C++ Pointer to a Structure | Examples

We will study and comprehend the idea of a structure pointer (pointer to a structure) in this tutorial chapter. In order to do this, one must first understand the C++ concept of pointers and structures. Pointers are typically variables that contain the addresses of other variables. A user-defined datatype called a “structure” is essentially a grouping of variables of various types with a single name.

A type of pointer called a “structure pointer” holds the address of a variable with a structure type. We have a structure called a Complex with two data members (one of type float and one of type integer), as you can see in the diagram above. A memory space is allotted when we create a variable of this structure (Complex var1). Now that a pointer of the same structure type (Complex *ptr) as that depicted in the diagram has been created, it is possible to access this memory. Now that this pointer has access to the structure variable var1’s actual memory address, it can access its values.


#include <iostream>
#include <string>
using namespace std;

// Define a structure called 'Person'
struct Person {
  string name;
  int age;

int main() {
  // Declare a pointer to a Person structure
  Person* personPtr;

  // Dynamically allocate memory for a Person structure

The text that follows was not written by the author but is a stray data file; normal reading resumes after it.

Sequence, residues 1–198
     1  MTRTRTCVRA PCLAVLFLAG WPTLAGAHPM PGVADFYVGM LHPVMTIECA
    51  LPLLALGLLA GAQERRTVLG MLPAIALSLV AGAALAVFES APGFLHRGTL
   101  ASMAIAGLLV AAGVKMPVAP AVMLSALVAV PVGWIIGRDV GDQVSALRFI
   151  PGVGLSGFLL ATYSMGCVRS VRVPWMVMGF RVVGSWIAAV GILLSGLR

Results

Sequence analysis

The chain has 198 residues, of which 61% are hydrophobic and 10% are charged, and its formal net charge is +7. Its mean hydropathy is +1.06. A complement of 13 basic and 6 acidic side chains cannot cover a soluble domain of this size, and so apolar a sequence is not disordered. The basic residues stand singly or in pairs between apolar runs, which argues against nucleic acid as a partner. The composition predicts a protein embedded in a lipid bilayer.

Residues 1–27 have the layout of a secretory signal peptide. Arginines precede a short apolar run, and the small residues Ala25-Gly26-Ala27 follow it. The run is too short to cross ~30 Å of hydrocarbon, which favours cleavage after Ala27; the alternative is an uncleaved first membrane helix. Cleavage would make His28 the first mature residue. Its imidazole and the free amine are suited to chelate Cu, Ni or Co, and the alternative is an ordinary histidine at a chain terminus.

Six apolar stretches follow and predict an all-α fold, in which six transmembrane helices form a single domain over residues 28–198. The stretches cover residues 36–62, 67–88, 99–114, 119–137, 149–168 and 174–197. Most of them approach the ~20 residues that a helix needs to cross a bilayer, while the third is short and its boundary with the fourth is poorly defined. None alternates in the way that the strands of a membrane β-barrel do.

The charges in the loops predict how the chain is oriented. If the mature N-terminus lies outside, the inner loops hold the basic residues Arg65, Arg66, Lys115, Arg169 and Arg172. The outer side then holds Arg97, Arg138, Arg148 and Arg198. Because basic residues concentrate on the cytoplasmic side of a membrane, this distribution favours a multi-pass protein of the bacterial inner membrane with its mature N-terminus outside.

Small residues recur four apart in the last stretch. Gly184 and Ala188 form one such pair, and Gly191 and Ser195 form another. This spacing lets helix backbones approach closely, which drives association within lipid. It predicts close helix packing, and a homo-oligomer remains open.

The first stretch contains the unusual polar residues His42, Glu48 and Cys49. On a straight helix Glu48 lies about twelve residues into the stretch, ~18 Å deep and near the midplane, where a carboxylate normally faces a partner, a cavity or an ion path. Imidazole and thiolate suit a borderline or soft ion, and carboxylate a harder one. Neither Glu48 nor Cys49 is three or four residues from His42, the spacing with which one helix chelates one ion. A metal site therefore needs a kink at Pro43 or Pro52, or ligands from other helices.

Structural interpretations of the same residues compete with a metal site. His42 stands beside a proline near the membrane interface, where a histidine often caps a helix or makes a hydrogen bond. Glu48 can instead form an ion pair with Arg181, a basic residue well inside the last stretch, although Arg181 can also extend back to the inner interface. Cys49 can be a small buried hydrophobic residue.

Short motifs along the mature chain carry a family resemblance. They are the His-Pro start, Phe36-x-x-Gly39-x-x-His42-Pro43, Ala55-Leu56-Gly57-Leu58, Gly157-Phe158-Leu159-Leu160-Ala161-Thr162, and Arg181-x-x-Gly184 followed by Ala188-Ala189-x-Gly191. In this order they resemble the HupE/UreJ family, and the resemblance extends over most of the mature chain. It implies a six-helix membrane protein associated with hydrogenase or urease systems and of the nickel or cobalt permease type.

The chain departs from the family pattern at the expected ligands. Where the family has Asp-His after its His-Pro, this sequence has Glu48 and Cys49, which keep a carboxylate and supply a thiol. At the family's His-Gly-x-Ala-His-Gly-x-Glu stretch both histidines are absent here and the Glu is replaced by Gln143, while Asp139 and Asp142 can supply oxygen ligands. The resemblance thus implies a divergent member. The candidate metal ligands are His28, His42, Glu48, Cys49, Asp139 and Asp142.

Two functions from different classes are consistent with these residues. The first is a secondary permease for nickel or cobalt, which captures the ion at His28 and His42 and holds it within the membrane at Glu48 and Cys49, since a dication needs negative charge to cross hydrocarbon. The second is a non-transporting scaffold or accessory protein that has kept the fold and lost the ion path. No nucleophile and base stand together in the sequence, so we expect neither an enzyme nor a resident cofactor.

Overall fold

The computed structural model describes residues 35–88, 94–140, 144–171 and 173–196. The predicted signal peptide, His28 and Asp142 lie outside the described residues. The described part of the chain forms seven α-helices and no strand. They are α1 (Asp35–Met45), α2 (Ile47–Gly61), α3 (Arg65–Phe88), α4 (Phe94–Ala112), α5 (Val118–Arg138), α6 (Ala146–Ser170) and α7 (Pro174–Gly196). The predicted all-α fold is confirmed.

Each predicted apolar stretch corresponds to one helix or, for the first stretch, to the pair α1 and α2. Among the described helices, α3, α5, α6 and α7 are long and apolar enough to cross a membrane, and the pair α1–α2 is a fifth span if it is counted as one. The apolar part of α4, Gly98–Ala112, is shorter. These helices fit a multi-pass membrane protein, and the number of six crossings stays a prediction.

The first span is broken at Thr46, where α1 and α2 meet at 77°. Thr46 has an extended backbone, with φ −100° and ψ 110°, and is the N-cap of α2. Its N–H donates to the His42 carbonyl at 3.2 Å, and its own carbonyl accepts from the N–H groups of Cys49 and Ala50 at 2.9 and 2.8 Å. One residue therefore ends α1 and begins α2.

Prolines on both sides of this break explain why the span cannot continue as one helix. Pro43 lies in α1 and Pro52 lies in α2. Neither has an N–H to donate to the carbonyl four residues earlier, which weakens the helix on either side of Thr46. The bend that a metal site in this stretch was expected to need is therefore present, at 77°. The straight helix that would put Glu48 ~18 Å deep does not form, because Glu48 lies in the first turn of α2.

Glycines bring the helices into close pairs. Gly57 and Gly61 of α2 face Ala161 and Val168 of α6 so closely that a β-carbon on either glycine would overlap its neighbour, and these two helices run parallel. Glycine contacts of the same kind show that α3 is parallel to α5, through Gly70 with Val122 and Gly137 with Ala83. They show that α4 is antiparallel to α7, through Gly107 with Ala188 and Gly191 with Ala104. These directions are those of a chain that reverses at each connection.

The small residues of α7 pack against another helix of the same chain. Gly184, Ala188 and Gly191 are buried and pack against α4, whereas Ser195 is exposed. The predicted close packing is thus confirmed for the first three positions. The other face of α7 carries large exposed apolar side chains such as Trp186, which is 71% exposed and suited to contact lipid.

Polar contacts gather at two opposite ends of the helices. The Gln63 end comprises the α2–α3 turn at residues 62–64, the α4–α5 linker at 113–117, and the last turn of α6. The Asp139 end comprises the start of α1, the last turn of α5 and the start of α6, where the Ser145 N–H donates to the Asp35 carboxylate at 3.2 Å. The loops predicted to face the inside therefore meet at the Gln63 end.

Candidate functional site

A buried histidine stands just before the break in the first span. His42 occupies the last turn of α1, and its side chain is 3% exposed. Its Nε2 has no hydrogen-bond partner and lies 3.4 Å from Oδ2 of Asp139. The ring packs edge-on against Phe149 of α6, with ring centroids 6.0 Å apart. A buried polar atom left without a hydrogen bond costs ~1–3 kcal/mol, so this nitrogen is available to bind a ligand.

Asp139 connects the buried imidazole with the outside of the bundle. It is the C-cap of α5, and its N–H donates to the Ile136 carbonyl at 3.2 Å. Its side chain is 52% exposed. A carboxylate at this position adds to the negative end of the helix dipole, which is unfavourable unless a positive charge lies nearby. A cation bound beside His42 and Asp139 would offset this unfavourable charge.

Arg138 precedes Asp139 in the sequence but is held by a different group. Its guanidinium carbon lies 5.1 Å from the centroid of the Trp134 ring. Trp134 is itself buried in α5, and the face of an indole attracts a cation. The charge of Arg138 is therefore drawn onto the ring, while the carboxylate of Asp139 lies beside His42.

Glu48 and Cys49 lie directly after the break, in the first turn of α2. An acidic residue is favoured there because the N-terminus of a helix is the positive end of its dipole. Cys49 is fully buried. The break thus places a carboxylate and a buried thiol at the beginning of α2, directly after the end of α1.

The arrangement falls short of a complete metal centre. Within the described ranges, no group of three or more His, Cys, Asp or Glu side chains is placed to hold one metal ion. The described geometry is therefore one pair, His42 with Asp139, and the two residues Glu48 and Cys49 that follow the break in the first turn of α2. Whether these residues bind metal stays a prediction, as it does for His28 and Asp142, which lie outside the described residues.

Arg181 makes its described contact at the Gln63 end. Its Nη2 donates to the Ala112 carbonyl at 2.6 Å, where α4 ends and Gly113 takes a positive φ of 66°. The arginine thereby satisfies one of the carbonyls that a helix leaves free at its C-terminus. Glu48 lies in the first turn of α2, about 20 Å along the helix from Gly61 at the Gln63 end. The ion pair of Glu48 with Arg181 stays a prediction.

personPtr = new Person;

  // Access and modify structure members using the pointer
  personPtr->name = "John Doe";
  personPtr->age = 25;

  // Print the structure members
  cout << "Name: " << personPtr->name << endl;
  cout << "Age: " << personPtr->age << endl;

  // Deallocate memory for the structure
  delete personPtr;

  return 0;
Name: John Doe    
Age: 25

In this example, we define a structure called Person with two members: name of type string and age of type int. Inside the main function, we declare a pointer personPtr to a Person structure. We then dynamically allocate memory for a Person structure using the new operator and assign the address to personPtr.

We can access the members of the structure using the arrow operator (->) since personPtr is a pointer. We set the name and age members of the structure using the pointer.

Finally, we print the values of the structure members using the cout object from the <iostream> header. After we’re done using the dynamically allocated structure, we deallocate the memory using the delete operator.

Note that it’s essential to deallocate the memory for dynamically allocated structures to prevent memory leaks.

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